Notes for travellers in Western Australian Kimberley on landscapes near Talbot Bay.
The ‘Kimberley Landscapes’ post introduces many of the names and process mentioned in this article. Readers may find it a useful supplement to other articles about the Kimberley coast.
This post could also be read in association with that on the ‘Talbot Creek’.
In these articles I generally refrain from describing the magnificence of the local landforms but give a broad outline of the formation of the landscapes and a little of their natural history in the hope that these explanations may remove some of the bewilderment about how such natural, often complex wonders originated.
The Horizontal Waterfalls
The Horizontal Waterfalls (HW) are found in the south western corner of Talbot Bay a deep bay located on the north side Yampi Peninsula east of Koolan Island. Rather than horizontal rock formations this corner of the Kimberley is made up of well folded formations and in the vicinity of the HW folds were so steep to be nearly perpendicular (Fig. 1). This meant that the local rock formations including the Wunaamin Miliwundi Sandstone, Carson Volcanics, Warton Sandstone, Elgee Siltstone and Pentecost Sandstone that were originally horizontal and over 4 km deep were folded, in parallel, to stand vertically.
What happened to make today’s phenomenon?
Today the set of landforms at the HW (Fig. 2) are made up of three ridges (#3, #5 and &7), two with gaps (#10 and #12) through them and two embayments (#11 and #13). The embayment are flooded valleys between the three ridges. Tidal water from Talbot Bay (#1) may flood in through the outer gap to fill the first embayment and as it rises forces water through the second gap to fill the inner embayment. As the tide falls, the flow is reversed and the level of water in the embayment drops again. In brief it is the narrow gaps and the high tidal ranges in Talbot Bay that creates the waterfall-like flow.
The high hills and deep valleys resulting from folding through past orogenic (mountain building) activity would then have been subjected to weathering and erosion (Fig.3 #1). Once the tops of the high points were removed each of the five formations would have been exposed end-on. As illustrated on the right hand side of Fig.3, the three sandstone formations (#9) would be least affected and weathered at a relatively slow rate to remain as ridges. However, the Carson Volcanics (#3) is less resistant due to its basaltic composition and has been chemically weathered. The Elgee Siltstone (#5), because of its physical weakness, would have been easily removed by running water. Most of this weathering and erosion occurred during times of lower sea level and the base the Volcanics and Siltstone is currently well below the low tide mark (#10 and #11), hence they are continually flooded and form today’s embayments.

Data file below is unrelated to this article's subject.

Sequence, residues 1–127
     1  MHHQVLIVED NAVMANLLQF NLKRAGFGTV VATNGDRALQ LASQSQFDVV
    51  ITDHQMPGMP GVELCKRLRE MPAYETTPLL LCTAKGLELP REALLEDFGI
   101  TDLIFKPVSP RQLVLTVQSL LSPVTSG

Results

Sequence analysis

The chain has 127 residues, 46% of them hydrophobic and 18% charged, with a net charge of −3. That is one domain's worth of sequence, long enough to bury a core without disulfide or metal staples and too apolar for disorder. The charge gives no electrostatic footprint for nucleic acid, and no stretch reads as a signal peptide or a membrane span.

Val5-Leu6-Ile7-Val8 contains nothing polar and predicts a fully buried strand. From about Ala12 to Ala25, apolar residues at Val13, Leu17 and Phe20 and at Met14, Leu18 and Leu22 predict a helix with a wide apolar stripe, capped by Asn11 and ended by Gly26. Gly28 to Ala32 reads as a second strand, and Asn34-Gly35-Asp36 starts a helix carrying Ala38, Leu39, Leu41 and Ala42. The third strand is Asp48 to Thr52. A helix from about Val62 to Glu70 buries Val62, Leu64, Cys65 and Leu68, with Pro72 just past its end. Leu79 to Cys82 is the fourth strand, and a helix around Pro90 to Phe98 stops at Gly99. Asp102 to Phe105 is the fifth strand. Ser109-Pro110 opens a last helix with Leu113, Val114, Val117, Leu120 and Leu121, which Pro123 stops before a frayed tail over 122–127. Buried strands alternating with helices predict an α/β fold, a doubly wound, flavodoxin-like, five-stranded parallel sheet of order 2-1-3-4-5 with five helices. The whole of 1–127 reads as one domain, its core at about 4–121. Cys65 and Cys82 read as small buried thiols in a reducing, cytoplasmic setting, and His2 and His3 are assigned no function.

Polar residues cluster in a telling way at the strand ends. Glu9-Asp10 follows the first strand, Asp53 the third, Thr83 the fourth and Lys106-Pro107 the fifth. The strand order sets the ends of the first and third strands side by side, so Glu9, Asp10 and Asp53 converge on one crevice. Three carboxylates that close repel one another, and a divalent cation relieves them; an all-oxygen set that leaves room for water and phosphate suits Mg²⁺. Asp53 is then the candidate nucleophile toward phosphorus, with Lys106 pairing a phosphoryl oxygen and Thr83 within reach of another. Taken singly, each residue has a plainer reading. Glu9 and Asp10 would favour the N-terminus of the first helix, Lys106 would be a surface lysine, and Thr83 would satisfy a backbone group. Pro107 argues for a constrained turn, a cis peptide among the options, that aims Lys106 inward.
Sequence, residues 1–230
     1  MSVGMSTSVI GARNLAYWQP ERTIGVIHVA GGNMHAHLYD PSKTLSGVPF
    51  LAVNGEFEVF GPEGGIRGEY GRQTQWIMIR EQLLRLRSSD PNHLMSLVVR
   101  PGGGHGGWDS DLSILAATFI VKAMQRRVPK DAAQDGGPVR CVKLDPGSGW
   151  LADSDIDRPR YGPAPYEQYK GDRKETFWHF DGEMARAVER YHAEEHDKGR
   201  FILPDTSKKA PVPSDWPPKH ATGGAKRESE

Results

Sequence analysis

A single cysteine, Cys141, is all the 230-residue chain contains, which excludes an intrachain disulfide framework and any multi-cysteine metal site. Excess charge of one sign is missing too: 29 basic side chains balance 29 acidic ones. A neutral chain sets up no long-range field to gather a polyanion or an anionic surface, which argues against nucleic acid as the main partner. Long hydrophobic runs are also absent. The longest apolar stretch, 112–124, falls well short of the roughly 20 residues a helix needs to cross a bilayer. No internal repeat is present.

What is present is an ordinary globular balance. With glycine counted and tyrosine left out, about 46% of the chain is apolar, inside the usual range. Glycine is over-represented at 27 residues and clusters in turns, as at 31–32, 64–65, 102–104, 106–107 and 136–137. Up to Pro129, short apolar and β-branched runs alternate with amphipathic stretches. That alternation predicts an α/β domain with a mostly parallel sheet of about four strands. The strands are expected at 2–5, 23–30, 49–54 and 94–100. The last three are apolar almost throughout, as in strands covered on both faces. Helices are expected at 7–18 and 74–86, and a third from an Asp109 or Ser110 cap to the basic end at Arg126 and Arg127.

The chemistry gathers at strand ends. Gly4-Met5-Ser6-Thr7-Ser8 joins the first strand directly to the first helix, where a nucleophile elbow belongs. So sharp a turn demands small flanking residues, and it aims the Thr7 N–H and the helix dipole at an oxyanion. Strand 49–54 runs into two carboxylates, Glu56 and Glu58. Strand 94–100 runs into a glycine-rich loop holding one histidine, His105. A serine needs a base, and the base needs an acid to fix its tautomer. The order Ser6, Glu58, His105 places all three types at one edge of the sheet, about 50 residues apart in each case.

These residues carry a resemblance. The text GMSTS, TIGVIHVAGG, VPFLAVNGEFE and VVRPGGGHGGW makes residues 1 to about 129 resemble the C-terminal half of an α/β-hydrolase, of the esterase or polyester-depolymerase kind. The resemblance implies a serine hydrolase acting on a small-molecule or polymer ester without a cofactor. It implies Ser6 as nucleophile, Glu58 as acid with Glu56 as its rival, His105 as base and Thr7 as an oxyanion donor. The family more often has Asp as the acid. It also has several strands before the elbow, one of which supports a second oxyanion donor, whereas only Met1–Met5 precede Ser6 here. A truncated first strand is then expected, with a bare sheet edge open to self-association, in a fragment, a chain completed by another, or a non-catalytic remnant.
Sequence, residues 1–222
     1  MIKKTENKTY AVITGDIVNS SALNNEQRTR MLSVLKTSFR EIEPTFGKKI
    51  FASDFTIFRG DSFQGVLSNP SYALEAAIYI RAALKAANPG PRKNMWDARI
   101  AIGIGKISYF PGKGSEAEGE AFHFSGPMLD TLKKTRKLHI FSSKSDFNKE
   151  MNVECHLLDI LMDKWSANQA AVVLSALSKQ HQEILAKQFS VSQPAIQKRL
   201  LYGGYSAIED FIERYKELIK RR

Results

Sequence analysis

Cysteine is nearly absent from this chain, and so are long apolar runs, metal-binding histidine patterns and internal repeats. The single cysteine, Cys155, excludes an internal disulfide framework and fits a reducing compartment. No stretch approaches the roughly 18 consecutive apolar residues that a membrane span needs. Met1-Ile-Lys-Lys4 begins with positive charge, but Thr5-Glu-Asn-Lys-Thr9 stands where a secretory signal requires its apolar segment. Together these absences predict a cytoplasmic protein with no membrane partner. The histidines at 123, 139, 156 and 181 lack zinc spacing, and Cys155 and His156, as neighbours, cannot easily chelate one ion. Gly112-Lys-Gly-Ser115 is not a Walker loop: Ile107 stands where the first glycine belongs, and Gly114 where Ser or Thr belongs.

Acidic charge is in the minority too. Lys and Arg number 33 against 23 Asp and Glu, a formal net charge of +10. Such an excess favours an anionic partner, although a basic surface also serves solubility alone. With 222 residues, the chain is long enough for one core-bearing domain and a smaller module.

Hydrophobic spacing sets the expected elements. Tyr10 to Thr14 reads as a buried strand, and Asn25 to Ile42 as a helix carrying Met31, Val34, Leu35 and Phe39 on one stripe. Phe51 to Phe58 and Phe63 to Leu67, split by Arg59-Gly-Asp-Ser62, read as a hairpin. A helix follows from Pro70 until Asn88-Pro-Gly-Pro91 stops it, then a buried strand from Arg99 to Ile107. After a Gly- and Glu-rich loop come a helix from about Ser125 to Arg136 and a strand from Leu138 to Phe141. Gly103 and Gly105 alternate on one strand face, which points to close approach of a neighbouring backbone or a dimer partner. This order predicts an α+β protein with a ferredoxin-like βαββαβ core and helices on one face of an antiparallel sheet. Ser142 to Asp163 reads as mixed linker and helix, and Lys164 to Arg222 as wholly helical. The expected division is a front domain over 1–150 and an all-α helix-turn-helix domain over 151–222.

The two gaps (Fig. 1) are likely to have formed as creek water escaping from the higher landforms cut down through joints in the Warton Sandstone and the Pentecost Sandstone. These creeks would also have carried away any products of weathering. The inner embayment deepened because of the rapid chemical weathering of Carson Volcanics and it is possible today to find remnants of basalt on the sides of this embayment (Fig.2 #6). The outer embayment represents the space where Elgee Siltstone once stood but because of its susceptibility to physical weathering by running water it too has been lowered well below current sea level. Like the Carson Volcanics remnants of the siltstone also remain on the embayment walls (Fig.4 ; Fig. 2 #4). The outer ridge is formed from Pentecost Sandstone, the middle ridge from Warton Sandstone and the inner wall, without a gap is formed from Wunaamin Miliwundi Sandstone.
The section of the coast outside Talbot Bay is subject to maco-tidal conditions (greater and a 4 m range) and as the tidal influence moves deeper into the Bay it tends to intensify. As the high tide water builds the narrow gaps resist the flow the water, it builds up on the outer side and has to run ‘down hill’ into the first embayment (Fig. 5). This creates one horizontal waterfall that is repeated at the second gap. These flows are all reversed with the outgoing tide and between these tides there are short periods of slack water.
Boating operators taking passengers through the Horizontal Waterfalls are required to observe safe practice given the ferocity with which the water moves especially during Spring Tide events of the lunar month as occurs over the full moon and new moon periods.
Sea levels reached their current level some 6,000 year ago and prior to this the tidal flow would have progressively moved further out of Talbot Bay and eventually at the peak of the last Ice Age, 18,000 to 20,000 years ago, seas were some 120 m lower than today. Given the very wide continental shelf in this part of Australia the shoreline then would have been 100 km seaward. At this stage we could imagine that Poulton Creek (Fig. 2 #16) which runs into the inner embayment would have flowed as a stream out through the two gaps, possibly fallen over a waterfall into Talbot Bay where it joined Talbot Creek out of the bay and across the continental shelf to the sea.
We must conclude that in Geological Time this is a very recent event and although the current conditions may be adding to the weathering and erosion, these were not what led to the initial development of this somewhat unique set of landforms.